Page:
PGroove and Lotus play to mess in Knoxville

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Perpetual Groove & Lotus
The Valarium
Knoxville, Tennessee
February 20, 2009

One thing is clear about Perpetual Groove – the atmosphere that these fine young lads have been able to create is inclusive, fan oriented, and astoundingly grand. They have done their thing in front of ten plus thousand and before less than a hundred. There has been the Huffer-Dome (named after Jason Huffer, Perpetual Groove’s lighting director) and they have jammed under little more than par can house lighting. They have caused laughter and they have induced tears. Their Trance Arena Rock signature style and the diversity that they bring continues to baffle, pierce, shed light, and cast shadows within the very depths of the souls who witness.

 

lotus1.jpgLotus, the acid jazz quintet from Philadelphia, brings a level of spiritual presence to their sound of which many other bands could only dream and fathom. Other than some strategically placed synth, lyrics are non-existent. Musically, they deliver tight, spot-on jams that carry their audience on a journey to a pinnacle and bring them down, ever so gently, to a resting place in a beautiful valley. Needless to say, many were exuberantly stoked at a co-bill with these two. Audiences have anticipated such a co-bill for years now, and on February 20 it finally came.

Unfortunately, it came at the Valarium in Knoxville, TN where apparently there is no Fire Marshall.

The night began with a set from Orchard Lounge, two DJ’s who warmed up the crowd by spinning house mixes loudly and a little bit too long. It seemed as though they would spin all night. The venue was oversold and the longer they spun, the more ridiculously crowded the place became.

lotus2.jpgAfter much anticipation and near deafness, Lotus took the stage. Of late, lead guitarist Mike Rempel has taken on an even further deepened role as a guitar wielding face-melting shredder, and tonight he met this definition. They opened with the somewhat subtle "Bellwether" before exploding into the title track from their most recent studio release, "Hammerstrike.”  However, this was far from the highlight which came when the opening riff of “Travel” graced the attendee’s ears and continued to send shivers down the spines as they segued into “Ball of Wax” and finally wrapping the set with a particularly funky-fun infused version of “Tip of The Tongue.” Overall, this presentation was a sound performance, but due to geographical location, the crowd was somewhat lackluster, as the majority of those in attendance were there for the main event.

The heat in the room was ample by the time that Perpetual Groove took the stage. They came on following yet another set by Orchard Lounge, who provided what again could have been some quality background music, but instead seemed like a full on raging rave. The majority of the crowd spent at least ten of the minutes of the set with their fingers in their ears as bass and mid range sounds uncomfortably rattled bones and brains. It was as though Guns N’ Roses and Particle had a one night stand and yielded a bastard child. It was so loud it seemed unhealthy.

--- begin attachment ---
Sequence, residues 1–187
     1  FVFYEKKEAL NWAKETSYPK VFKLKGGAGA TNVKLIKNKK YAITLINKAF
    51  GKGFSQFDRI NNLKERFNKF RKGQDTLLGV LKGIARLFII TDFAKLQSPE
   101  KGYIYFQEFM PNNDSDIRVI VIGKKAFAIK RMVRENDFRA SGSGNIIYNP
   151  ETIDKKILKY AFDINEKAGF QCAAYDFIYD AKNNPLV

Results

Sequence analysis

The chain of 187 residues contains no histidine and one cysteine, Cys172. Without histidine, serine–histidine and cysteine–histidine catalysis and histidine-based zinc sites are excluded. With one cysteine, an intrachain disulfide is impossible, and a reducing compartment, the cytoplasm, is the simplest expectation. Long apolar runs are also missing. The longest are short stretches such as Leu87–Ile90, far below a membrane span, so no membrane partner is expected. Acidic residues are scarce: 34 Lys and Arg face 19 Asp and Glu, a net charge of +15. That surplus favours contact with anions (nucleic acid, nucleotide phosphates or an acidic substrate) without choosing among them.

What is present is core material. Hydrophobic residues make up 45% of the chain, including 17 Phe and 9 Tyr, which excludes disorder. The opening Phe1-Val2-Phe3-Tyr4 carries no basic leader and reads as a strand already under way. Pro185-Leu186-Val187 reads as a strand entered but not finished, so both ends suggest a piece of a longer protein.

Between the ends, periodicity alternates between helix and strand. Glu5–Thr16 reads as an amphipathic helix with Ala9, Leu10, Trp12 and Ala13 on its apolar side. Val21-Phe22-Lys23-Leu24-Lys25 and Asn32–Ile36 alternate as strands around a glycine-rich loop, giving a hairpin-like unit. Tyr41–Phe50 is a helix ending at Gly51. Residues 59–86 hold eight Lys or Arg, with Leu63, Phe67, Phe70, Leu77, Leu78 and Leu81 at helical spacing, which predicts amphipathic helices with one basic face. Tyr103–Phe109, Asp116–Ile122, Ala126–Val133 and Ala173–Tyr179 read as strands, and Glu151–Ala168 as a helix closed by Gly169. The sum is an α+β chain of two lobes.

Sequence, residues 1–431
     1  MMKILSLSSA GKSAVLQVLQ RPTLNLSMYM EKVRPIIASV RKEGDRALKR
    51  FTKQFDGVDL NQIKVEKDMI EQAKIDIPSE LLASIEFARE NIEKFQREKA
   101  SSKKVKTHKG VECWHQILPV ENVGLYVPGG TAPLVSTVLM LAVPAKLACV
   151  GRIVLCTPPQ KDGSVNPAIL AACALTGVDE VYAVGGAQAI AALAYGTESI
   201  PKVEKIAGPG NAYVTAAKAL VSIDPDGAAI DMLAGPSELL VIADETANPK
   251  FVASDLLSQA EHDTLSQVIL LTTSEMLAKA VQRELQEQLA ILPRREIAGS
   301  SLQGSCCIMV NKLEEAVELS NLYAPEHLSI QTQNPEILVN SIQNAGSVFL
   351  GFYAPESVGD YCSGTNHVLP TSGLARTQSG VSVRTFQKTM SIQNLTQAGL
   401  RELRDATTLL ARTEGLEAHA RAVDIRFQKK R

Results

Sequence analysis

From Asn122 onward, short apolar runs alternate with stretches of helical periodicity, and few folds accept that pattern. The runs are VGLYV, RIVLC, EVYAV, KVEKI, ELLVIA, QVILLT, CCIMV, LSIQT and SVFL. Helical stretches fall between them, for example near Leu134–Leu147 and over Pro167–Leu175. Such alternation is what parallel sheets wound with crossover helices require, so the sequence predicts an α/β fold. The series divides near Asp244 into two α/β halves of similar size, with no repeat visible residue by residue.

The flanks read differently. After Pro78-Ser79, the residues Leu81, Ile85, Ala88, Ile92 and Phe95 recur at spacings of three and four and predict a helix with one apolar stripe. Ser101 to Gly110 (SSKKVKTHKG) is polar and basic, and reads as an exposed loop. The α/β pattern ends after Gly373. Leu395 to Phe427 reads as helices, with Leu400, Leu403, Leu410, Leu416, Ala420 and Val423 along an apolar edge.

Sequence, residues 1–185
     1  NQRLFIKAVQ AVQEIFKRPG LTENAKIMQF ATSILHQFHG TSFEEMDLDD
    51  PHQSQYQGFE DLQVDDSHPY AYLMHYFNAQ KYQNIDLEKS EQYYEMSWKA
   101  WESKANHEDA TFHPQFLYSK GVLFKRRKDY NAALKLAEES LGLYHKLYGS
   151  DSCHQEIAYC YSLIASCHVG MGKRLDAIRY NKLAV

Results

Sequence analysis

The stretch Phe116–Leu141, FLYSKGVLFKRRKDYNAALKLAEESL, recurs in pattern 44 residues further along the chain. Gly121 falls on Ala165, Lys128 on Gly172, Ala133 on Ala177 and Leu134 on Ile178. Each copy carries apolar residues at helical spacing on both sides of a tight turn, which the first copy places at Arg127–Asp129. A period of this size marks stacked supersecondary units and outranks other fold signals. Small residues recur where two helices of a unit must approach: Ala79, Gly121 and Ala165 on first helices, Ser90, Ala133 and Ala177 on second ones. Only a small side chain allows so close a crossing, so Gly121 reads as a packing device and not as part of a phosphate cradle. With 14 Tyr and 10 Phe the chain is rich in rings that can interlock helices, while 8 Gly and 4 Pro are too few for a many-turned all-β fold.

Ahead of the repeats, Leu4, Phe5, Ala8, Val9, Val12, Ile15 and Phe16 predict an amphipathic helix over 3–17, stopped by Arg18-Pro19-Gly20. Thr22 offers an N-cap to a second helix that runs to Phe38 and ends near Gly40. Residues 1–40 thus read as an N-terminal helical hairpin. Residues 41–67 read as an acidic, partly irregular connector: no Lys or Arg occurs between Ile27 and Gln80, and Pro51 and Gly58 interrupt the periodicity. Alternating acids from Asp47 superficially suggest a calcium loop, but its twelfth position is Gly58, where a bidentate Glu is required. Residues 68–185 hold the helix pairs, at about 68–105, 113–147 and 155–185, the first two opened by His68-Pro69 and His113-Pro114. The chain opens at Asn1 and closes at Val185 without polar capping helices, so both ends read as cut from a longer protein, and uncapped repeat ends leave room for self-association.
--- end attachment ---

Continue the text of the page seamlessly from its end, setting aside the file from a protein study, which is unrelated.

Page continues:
pgroove1.jpgPerpetual Groove opened with the ever-fan favorite, “Three Weeks.” They continue to keep this song fresh with mild twists and turns as keyboardist and vocalist John Hruby gives the song new life. This song set the tone for the rest of the evening, as Brock Butler whimsically sang the words to his passionately lyrical gems, plucked his axe, and bobbled his head to the groove that was being spawned. Yes, Mr. Butler is quite the multi-tasker.

As the set progressed, the crowd was pleased to hear Adam Perry be turned loose for some freestyle bass thumping as Albert expertly maintained the beat in an excited version of "TTFPJ." Then came the surprise.

To the amazement of some and the mild dismay of others, PGroove brought the return of “Robot Waltz.” This song has had very little rotation since the departure of former PGroove ivory tickler Matt McDonald during last year’s Amberland. But, while the song itself was a surprise, the delight came as the tune was interrupted by the hearty and reminiscent Butler classic, “A Day the Way” before bouncing back into “Robot Waltz.”  On the whole, this was a solid performance from a band that continues to progress and build an ever-increasing devoted following.

Overall, this night was good. It would have been incredible had it not taken place in the venue that it did.  The Valarium (if you can find it) is a nice facility with quality house lighting, comfy couches, decent Red Bull prices, and extremely over-zealous security, who walk around with ear pieces and mugs that would make President Obama proud. The chief difference is that they are not protecting the President. However, they must have not gotten that memo.

Security's concern for rule imposition caused them to obviously overlook the fact that the venue was oversold by at least 200 patrons. Their “we turn nobody away support group style” way of operating made dancing nearly impossible and created for a riotous feeling throughout the venue. Trying to get outside to smoke a cigarette was impossible, and the dance floor felt more like a mosh pit. It was bad to the point that by the time the bands took the stage, the young-ish crowd had ceased even saying a polite “excuse me” to one another.

Both Perpetual Groove and Lotus have so much to offer our scene. Lotus has a very large following in the North and PGroove has the South all sewn up. The unification just makes sense, but for the love of God, Jehovah, Buddha, and Allah, and every other deity, please do not play at the Valarium in Knoxville, TN. If you must, be sure and literally bring the house down next time.

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